“I see this is as the first main test for Nawaz Sharif [after his dismissal],” said Zeeshan Khan, 22, a student at Punjab University. “This is a way for the people to show whether they still stand with the PML-N after the verdict.”
Others echoed that sentiment.
“Our country is on fire, we are all on fire, that is why I am here to vote,” said Asifa Aamir, 47, who said she was concerned with corruption as her primary issue in this by-election.
“Work does get done on the local level in the constituency [by the PML-N],” conceded Zeeshan Tariq, 28, a trader from the Mozang area. “But I vote based on the national issues.”
Nearby, a few PML-N workers rode by on motorcycles, raising the party’s slogan, referencing their electoral symbol of a lion: “Look who’s come, it’s the lion, it’s the lion!”
Workers at a PTI electoral camp office responded good-naturedly with cries of “Thieves! Thieves!”
Not all exchanges on Sunday were as friendly, however, with minor scuffles reported between PML-N and PTI activists off the city’s main Mall road.
Also contesting Sunday’s by-election were two new right-wing religious entrants to electoral politics in Pakistan, the Tehreek Labbaik Pakistan and the Milli Muslim League (MML).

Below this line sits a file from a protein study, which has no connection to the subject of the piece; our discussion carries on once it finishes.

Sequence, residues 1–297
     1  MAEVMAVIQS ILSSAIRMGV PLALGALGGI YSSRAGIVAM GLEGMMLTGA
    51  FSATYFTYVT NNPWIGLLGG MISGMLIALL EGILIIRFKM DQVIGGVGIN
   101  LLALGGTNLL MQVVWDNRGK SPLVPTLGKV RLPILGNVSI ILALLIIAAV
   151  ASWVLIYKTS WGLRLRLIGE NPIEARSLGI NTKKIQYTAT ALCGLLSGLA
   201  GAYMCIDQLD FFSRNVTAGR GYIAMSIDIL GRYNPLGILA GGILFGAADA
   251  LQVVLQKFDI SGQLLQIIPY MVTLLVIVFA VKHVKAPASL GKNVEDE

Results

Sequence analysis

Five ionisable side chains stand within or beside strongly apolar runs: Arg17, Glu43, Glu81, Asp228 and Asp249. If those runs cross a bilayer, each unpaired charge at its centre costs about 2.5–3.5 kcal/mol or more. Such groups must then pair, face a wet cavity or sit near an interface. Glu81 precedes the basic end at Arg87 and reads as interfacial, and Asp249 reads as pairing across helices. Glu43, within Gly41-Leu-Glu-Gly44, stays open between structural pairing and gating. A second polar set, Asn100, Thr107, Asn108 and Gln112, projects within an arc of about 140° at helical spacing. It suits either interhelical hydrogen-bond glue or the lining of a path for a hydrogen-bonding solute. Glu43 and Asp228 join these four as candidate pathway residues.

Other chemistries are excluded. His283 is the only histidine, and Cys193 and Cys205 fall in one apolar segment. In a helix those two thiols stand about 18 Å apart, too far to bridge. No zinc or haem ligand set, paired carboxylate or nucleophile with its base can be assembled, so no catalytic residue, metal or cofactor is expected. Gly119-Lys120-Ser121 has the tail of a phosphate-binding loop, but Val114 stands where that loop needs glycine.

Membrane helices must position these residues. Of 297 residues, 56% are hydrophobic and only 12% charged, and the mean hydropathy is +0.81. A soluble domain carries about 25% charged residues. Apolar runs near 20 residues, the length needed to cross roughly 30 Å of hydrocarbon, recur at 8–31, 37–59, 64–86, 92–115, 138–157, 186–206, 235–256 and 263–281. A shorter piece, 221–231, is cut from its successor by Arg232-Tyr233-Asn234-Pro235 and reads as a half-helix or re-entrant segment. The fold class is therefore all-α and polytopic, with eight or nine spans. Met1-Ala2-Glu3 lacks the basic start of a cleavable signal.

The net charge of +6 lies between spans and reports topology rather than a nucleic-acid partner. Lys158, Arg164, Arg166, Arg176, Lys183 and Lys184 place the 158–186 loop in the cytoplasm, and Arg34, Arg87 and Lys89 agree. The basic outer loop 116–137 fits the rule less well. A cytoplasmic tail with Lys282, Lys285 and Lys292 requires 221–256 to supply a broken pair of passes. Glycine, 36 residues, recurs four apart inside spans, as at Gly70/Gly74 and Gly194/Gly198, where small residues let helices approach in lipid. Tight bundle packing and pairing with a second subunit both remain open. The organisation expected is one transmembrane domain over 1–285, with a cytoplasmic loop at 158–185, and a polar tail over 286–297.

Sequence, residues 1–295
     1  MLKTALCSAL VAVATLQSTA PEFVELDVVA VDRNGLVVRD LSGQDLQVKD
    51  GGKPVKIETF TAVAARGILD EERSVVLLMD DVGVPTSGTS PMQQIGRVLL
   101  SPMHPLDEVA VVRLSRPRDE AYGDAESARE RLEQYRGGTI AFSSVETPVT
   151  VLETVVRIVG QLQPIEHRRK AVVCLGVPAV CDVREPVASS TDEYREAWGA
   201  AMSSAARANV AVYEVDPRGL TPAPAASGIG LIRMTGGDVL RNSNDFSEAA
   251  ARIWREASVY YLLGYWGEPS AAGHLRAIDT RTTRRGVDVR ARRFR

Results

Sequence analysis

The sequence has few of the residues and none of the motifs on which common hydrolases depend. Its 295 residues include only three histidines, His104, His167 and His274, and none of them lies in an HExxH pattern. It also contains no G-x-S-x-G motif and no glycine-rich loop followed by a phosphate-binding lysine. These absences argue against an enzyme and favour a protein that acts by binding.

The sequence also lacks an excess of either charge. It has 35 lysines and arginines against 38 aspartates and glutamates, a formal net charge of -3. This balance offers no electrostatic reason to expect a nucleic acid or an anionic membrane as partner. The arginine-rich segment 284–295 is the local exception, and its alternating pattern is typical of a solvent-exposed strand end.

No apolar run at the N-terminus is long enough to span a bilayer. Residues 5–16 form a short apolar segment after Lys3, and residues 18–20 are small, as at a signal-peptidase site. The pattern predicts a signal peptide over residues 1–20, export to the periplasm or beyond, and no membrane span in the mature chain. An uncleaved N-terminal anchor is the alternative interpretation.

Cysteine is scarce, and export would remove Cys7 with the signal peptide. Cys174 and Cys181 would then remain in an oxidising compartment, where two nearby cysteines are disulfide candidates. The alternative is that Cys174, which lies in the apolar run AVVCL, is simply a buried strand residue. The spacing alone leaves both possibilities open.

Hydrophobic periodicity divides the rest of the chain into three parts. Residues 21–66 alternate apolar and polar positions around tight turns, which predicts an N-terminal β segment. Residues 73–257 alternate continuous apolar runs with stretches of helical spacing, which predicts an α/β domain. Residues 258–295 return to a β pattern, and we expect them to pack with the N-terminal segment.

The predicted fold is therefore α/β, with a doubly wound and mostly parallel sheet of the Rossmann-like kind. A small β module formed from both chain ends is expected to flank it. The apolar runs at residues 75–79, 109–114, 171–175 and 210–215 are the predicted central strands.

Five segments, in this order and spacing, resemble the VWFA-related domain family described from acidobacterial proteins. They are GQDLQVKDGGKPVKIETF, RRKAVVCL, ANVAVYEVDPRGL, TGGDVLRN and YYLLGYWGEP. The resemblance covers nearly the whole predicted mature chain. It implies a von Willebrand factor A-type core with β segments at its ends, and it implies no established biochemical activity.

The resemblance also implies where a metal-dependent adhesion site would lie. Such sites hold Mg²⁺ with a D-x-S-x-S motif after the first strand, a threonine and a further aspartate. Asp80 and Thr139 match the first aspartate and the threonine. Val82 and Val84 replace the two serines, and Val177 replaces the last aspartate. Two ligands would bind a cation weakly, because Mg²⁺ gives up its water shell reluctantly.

Posters for the Tehreek Labbaik Pakistan, spread across the constituency, have prominently featured images of Mumtaz Qadri, the man who murdered Punjab governor Salmaan Taseer over his criticism of Pakistan’s harsh blasphemy laws in 2011.
Early results showed the party was likely to finish third, beating out the Pakistan People’s Party (PPP), a major national political party which currently leads the opposition in parliament and rules Sindh province.
The MML shares much of its personnel with the Jamaat-ud-Dawa, a humanitarian relief organisation that the UN and US both designated as a front for LeT, and which faces international anti-terrorist sanctions.
Election banners for MML’s candidate, Muhammad Yaqoob Sheikh, prominently featured images of Hafiz Muhammad Saeed, the JuD chief and founder of LeT. Saeed remains under house arrest with no formal charges by Pakistani authorities under an anti-terrorism law.
Saeed is subject to a US bounty of $10m and has been named by both the US and UN as a “terrorist”. Sheikh, the MML candidate, was also named as by the US as a “specially designated global terrorist” in 2012, for his alleged role in leading fundraising and operations for LeT.
Neither party is expected to win but could bring in new first-time voters. Analysts say MML is an attempt by Pakistan’s powerful intelligence services to bring certain armed groups into the political mainstream to challenge the PML-N’s dominance.
“If you give them money, they actually do good work,” says Muhammad Naseer, a first-time voter from the Islampura neighbourhood, who voted for the MML. “They are honest. I have donated to JuD and I can see their work.”
Asad Hashim is Al Jazeera’s digital correspondent in Pakistan. He tweets @AsadHashim